Throughout my stories, you hear me speak about The Chief. That’s how I address him to this day and that’s how he addresses me. It’s a strange bond that has no logical explanation other than the Seabees, the Fire Service and timing. We both served in the Navy Seabees stationed in Davisville, Rhode Island, but not together. The fire service was one of the most important effort in our lives and it was a time of change in our town fire department.
With the Seabees, there is always a way to get tasks done and no matter how well it goes, there’s always a better way to do it.
At the time, our fire department voted in officers. The feeling was that a majority of the firefighters should choose whom they wanted to lead.
For 11 years, the Chief and I were elected to the top two positions in the department, positions we took seriously. Lest anyone gets the wrong idea and think this is going to be a piece about how warm and fuzzy the Chief was, and is, forget it. Our firefighters would probably say that the Chief was Gruff and that capital G is not a typo. Let me tell you a little more about that.
The Chief was dedicated to keeping citizens of our town safe. Sometimes that meant keeping them safe from themselves.
He was passionate about his and my responsibility for the safety of our firefighters. On the fire ground that was a given, but it applied elsewhere. If a firefighter was reported driving crazy in a personal vehicle responding to a call, they could expect a chat with the Chief, which would leave them understanding that they should never do that again.
One day, a fire call came in as a fire in our town when actually it was in a neighboring town.
As is the case in many towns, o weekdays, there are not many firefighters around, so we had all our available people fighting a fire in the neighboring town. As it turned out it was a pretty decent stop where things went well and I was feeling fairly proud of our performance.
Until I talked to the Chief.
The Chief worked out of town, so he was not able to respond. He had little interest in our performance at the out-of-town fire, but wanted to know who it was that I called to cover our town. Of course, I hadn’t and he knew it. He proceeded to explain to me that the citizens of our town were our priority and while we would always do anything we could for our neighbors, never leave our town unprotected. I never did again.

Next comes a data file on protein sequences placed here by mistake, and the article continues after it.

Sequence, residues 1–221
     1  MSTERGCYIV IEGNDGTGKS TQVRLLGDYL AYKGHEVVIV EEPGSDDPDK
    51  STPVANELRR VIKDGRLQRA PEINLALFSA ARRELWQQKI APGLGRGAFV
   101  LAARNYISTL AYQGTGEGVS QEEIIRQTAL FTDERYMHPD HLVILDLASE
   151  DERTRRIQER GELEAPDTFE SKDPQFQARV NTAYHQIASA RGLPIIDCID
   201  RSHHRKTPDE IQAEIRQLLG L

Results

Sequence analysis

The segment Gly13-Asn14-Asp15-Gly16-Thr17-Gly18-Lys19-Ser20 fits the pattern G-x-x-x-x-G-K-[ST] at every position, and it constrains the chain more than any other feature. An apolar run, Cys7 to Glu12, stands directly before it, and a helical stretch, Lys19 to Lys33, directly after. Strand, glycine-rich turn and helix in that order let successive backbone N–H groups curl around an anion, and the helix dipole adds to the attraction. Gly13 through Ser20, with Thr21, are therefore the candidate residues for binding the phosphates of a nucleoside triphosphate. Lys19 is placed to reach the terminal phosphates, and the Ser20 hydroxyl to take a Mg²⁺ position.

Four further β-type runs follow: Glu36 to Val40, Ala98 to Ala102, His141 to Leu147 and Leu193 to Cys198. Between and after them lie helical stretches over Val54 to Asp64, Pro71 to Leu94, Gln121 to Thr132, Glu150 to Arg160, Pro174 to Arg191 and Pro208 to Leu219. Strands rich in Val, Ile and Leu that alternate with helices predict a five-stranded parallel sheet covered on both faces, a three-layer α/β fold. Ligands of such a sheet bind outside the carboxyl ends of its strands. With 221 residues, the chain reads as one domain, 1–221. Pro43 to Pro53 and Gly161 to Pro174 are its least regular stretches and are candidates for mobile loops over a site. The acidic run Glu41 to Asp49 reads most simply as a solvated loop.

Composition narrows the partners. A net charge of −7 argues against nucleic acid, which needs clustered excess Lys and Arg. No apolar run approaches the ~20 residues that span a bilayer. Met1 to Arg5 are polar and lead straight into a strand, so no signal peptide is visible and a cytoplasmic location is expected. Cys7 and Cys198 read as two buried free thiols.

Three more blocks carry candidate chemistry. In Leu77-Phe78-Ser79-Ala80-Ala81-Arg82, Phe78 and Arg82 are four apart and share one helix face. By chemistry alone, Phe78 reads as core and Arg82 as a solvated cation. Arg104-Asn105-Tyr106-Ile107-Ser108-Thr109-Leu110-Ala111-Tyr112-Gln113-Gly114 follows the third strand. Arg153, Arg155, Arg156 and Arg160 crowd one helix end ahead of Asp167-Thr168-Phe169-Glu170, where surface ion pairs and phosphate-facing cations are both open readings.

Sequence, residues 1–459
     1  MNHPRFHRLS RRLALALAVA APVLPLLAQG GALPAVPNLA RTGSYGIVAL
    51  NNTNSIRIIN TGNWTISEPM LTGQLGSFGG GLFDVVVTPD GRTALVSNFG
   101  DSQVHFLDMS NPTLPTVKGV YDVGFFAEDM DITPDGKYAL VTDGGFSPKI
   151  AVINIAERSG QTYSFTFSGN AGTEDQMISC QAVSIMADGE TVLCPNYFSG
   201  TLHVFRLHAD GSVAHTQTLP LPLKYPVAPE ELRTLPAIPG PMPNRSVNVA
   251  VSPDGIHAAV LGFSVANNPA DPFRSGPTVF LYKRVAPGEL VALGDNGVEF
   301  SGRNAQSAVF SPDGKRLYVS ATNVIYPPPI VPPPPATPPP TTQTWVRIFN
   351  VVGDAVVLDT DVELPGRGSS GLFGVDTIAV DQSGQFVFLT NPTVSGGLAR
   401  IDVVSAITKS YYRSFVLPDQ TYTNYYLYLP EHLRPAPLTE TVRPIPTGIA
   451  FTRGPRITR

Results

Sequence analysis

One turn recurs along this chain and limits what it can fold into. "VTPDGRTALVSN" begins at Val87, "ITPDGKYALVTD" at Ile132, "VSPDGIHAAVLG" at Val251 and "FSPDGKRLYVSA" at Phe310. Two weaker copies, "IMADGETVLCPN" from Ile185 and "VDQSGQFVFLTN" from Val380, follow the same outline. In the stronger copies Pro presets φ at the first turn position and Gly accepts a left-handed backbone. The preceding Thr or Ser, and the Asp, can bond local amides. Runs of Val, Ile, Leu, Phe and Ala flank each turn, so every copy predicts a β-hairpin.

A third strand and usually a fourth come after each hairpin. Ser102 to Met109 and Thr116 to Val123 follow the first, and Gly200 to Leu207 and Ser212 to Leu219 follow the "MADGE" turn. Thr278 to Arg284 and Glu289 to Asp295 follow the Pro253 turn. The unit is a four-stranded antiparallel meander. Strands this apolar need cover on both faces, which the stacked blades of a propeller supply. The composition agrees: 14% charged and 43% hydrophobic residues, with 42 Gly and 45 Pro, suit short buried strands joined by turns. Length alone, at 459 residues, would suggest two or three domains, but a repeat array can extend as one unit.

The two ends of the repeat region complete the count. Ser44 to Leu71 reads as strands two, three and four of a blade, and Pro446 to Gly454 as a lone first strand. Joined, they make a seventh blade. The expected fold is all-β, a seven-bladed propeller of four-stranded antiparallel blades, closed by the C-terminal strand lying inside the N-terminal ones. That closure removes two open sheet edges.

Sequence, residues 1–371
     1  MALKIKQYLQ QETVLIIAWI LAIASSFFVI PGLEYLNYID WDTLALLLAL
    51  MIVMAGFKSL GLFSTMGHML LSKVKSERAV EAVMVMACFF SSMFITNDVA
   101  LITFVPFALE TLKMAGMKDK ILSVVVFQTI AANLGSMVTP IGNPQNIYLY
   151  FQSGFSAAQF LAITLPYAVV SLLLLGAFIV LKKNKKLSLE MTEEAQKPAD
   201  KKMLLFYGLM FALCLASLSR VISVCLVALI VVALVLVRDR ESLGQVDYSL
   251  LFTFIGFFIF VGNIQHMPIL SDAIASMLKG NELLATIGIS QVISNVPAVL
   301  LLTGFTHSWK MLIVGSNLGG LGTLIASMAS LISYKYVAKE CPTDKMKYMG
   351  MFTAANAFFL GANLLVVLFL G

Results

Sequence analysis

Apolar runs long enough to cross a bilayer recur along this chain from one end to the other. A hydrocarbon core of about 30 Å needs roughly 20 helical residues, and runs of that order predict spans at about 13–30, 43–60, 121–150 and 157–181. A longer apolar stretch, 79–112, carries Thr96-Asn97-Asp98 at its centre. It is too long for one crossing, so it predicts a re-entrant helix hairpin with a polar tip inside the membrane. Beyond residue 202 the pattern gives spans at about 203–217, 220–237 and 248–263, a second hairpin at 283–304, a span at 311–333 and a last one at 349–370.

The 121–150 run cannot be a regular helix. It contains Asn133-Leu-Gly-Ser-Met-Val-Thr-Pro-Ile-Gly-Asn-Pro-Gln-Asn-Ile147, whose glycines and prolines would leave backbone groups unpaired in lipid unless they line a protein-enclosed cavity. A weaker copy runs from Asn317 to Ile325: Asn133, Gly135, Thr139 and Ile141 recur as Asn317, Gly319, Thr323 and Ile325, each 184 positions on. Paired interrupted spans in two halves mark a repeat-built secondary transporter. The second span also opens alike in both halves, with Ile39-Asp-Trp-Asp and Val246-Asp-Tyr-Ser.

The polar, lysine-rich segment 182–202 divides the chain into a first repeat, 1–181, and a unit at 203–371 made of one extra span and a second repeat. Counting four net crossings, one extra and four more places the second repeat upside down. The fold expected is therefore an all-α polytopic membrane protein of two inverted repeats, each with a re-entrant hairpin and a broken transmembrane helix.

From time to time, people would complain about the Chief’s gruffness. I would tell department members to just get over it. Sometimes to town officials I was a little more diplomatic. You see, I don’t think most of these folks understood.
Looking back, I doubt any other firefighters and certainly no town officials ever saw the Gruffness I saw from The Chief. I never took it personally because I knew how much he cared. Remember that sentence near the beginning about Seabees always wanting to do things better? That’s what the Chief was all about. His expectations were extremely high, and I was always proud that he believed in me.
He had certain rules. He and I were not allowed to be recognized for anything. It was our job to go above and beyond for the citizens of our town.
He did break that rule by being behind a secret plot to recognize me at the annual banquet, but I got even. Anytime there was an opportunity, the firefighters were the ones that got the recognition. And rightfully so.
We had a deal on the fire ground. Actually it was his deal and we never really talked about it to anyone else, but he trusted me to command the incident while he oversaw the whole operation. While the casual observer would think that putting out the fire was the main task, there are many things going on and safety was always paramount to the Chief.
People would hear me on the radio at a scene and wonder where the Chief was. Most of the time, he was right beside me or over by an engine looking at the big picture. If he didn’t like something that I was doing, we would have a talk. I’m happy to say that didn’t happen very often.
The Chief and I would brainstorm for hours long before I ever heard the term. We would talk about equipment needs and how we could serve the needs of the town with the least amount of expense. We’d talk about properties in town that concerned us if they ever caught fire and spent night after night working out preplans. Everything we talked about always had a “What if?” We never came up with a preplan and patted ourselves on the back. We always took a second look, asked “What if?” and created a backup plan.
The calls after a fire were always the most difficult. No matter the outcome, we both always felt we could have done better and that consumed us for days, sometimes weeks or months, and even to this day over breakfast. You can ask our wives.
I learned a lot from the guy. He gave his heart and soul to the town. I hated how it ended for both of us. We had a lot more to give. Things happen and life goes on. I don’t know how we would fare as chief officers in the fire service today. All he cared about and all I cared about was having a volunteer fire department that others in the business looked up to. We wanted our town to have the best fire protection for their tax dollars. Political correctness and warm and fuzzy were not our strong suit. It was a great ride. We had a lot of fun. We made some lifelong friends.
More Bill Packard
Volunteer firefighting is one of the most rewarding, fun things anyone can do if they’re on a department with the right culture. My hope is that these stories can create enough interest in even one person to join a local department and feel the satisfaction that comes from being a firefighter and understand what makes it so special.
Bill Packard lives in Union and is the founder of BPackard.com. He is a speaker, author, small business coach and consultant.